The annual Abu Dhabi Art fair is moving home. When the fair kicks off in November, the manicured lawns and high-ceilinged ballrooms of the Emirates Palace hotel will be swapped for the in-construction cultural campus of Saadiyat Island.
It’s quite a statement. Since Abu Dhabi first set up an art fair – as Art Paris-Abu Dhabi in 2007 – through to last year’s showing, which catered to 17,000 visitors, the city’s most famous hotel has been a key fixture in the fair’s image.
That is set to change this year. The 2011 event will take place on Saadiyat Island. The venues for the fair will be Manarat Al Saadiyat, the temporary exhibition hall on the island, which has already held several ambitious shows such as the recent Splendours of Mesopotamia, and, as was announced last week, the UAE Pavilion transplanted from the recent Shanghai World Expo. The pavilion was designed by Foster+Partners and held exhibits exploring the cultural history of the UAE during the Expo. For Abu Dhabi Art, the pavilion is being reconstructed pole-by-pole on Saadiyat (a feat in itself) and will play a pivotal role in the fair’s programme of talks, workshops and satellite shindigs.
It’s refreshing to see that the capital’s art fair is looking to reposition itself. Moving out of the gilded exhibition halls of the Emirates Palace and on to an island that will one day be home to the Louvre and Guggenheim is a clear statement that this is not solely a transient, transactional space. Rather, the suggestion is that it is an equal engine in the cultural district’s emergence.
It’s no secret that many gallerists from the traditional art hubs of Paris, New York and London are drawn to the fair by the prospect that their artists might be snapped up by curators shaping the collections of the new museums. Putting the fair on the doorstep of these developments (both tipped for completion in the next two years) serves to emphasise that relationship.
Sceptics may cite the half-built character of the island: Saadiyat is still largely a weave of empty streets punctuated by construction sites and traffic cones, an unlikely location, both for infrastructure and the art world’s glitterati. “The whole of the UAE is a building site,” as Charlie Pocock, director of Meem Gallery in Dubai and a stalwart presence at the fair, points out.
“We have to accept that right now,” he says. “I think this new location is a lot better for the fair – there’s more flexibility and it is more realistic, as Emirates Palace is incredibly expensive.”
Pocock is effusive about the move, citing the success of previous exhibitions at the Manarat Al Saadiyat space as a sign of things to come.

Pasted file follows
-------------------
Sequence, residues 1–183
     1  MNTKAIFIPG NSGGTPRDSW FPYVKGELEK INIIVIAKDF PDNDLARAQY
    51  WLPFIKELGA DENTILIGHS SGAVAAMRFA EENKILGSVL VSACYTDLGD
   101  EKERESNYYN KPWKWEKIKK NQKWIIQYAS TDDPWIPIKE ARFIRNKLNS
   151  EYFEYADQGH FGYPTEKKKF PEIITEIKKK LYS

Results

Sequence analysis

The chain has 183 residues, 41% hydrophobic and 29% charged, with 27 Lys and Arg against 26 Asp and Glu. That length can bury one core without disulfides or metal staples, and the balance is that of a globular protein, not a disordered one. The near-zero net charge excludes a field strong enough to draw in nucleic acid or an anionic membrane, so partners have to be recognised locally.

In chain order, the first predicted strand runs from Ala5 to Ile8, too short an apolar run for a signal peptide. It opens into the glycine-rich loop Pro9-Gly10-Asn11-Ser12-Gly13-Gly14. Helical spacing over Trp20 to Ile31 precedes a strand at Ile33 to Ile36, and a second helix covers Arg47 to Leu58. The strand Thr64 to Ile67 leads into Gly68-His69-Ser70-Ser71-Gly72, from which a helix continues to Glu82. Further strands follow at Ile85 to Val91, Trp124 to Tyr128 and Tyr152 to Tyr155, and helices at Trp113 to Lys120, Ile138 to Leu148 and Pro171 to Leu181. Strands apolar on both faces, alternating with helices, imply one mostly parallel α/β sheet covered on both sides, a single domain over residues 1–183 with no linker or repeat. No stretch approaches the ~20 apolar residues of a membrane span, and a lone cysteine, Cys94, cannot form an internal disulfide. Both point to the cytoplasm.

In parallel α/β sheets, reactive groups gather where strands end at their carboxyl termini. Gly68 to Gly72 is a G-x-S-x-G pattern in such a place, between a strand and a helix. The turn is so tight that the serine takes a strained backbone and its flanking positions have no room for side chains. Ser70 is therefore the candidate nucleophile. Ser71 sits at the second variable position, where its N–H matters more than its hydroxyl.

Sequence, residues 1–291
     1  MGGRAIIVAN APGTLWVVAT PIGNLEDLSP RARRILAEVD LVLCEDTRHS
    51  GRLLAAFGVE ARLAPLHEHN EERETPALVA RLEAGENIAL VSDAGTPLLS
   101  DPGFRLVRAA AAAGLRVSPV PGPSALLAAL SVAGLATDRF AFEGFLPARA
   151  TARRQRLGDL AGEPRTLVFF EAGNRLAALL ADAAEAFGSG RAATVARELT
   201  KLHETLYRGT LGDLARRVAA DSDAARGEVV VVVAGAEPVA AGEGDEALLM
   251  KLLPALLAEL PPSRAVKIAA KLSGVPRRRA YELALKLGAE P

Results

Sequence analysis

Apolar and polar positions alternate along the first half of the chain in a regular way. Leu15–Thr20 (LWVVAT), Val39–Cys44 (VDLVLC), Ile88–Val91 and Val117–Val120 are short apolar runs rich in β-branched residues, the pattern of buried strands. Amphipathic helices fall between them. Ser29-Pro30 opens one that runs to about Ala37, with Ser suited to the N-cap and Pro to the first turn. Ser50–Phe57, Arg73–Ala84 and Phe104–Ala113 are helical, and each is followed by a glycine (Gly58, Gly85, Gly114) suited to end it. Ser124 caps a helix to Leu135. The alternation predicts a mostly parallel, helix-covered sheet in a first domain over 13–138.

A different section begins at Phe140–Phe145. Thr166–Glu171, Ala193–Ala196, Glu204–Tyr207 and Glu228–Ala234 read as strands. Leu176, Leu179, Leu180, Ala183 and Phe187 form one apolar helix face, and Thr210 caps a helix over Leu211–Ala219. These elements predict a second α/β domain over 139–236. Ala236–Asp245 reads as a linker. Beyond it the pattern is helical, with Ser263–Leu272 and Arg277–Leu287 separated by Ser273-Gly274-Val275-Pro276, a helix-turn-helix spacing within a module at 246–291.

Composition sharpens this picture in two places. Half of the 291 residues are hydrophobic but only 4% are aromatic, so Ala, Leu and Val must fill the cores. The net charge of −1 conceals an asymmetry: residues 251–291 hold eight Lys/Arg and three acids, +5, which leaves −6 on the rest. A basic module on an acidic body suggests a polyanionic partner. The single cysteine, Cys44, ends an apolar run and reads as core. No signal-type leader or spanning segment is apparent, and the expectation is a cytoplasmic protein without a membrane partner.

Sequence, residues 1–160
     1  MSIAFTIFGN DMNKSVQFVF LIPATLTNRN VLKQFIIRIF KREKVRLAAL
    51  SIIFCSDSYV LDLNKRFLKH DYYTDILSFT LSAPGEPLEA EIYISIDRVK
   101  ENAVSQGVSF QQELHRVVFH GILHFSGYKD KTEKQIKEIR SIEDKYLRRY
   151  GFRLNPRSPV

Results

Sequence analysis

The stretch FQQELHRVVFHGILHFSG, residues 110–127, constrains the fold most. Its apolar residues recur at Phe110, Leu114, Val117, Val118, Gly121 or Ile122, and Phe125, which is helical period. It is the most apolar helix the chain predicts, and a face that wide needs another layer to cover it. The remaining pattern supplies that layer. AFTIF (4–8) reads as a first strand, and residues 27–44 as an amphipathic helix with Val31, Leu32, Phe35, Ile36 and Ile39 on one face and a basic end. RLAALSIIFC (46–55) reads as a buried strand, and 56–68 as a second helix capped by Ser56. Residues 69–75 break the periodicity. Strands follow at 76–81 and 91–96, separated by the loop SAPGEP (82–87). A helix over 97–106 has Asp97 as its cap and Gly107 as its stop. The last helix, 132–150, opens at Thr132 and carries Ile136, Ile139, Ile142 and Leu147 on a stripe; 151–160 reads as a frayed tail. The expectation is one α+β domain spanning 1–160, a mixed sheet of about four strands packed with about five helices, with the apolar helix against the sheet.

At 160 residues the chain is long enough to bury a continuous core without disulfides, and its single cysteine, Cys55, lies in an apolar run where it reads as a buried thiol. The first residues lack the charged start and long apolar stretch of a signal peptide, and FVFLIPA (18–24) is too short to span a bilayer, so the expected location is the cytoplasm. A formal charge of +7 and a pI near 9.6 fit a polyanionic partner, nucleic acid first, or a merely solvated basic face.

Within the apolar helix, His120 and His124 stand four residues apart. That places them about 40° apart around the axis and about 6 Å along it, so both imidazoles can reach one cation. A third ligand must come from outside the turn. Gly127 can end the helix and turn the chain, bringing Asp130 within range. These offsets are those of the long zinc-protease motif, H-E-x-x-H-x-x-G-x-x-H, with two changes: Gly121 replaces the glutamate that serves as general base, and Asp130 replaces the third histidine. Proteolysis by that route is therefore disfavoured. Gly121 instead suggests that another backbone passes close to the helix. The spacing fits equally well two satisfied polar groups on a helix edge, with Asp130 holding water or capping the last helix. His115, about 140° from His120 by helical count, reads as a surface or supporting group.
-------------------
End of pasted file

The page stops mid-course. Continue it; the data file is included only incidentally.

“Saadiyat Island is a lot more accessible from Dubai,” he explains. “Bringing the Foster+Partners pavilion is a superb idea as well, because it allows the fair to identify itself. Abu Dhabi Art is there, in part, to introduce Emiratis to international art and it adds to the function of what Saadiyat Island is eventually going to be.”
Meem Gallery specialises in art from Iran and the Arab world. Pocock’s stable includes some of the key figures in this regional scene – including the Iraqi modern master Dia Al Azzawi and Parviz Tanavoli. At last year’s fair, the gallery launched a heavyweight monograph of Azzawi, accompanied by a selection of his sculptural works. This time around, Pocock explains, an 8x2.4m painting by the artist will form the centrepoint of Meem’s booth.
The gallery list for 2011 is now online. Returning after an absence last year is Dubai’s Gallery Isabelle van den Eynde, which looks after some of the foremost names in contemporary Iranian art. Similarly, the lineup seems markedly more diverse compared with the wealth of international big-hitters that typified the event last year. Although Gagosian, White Cube and Hauser & Wirth return, they’re joined by the likes of Rose Issa Projects, October Gallery and Lisson Gallery – newcomers to the event.
The capital’s fair was always going to want to have its own identity, particularly with Art Dubai firmly on the radar of those wanting to know more about the regional scene. Yet in previous years, a curious image for Abu Dhabi Art has been wrought: On one side, we’ve seen high-flying prices and galleries clamouring to get noticed by the new museums by bringing large works from ultra-famous artists. Unlikely figureheads such as the American artist Jeff Koons have led the charge.
On the flip side, a no-expenses-spared campaign of ambitious performances and events around the art fair is designed to ensure local relevance and academic weight.
The move to Saadiyat, a space with a far more public agenda than the private halls of a hotel, could be seen as phase two of that evolving project. If that’s the case, then the message seems to be that the event is ready to graduate now that the groundwork has been done.
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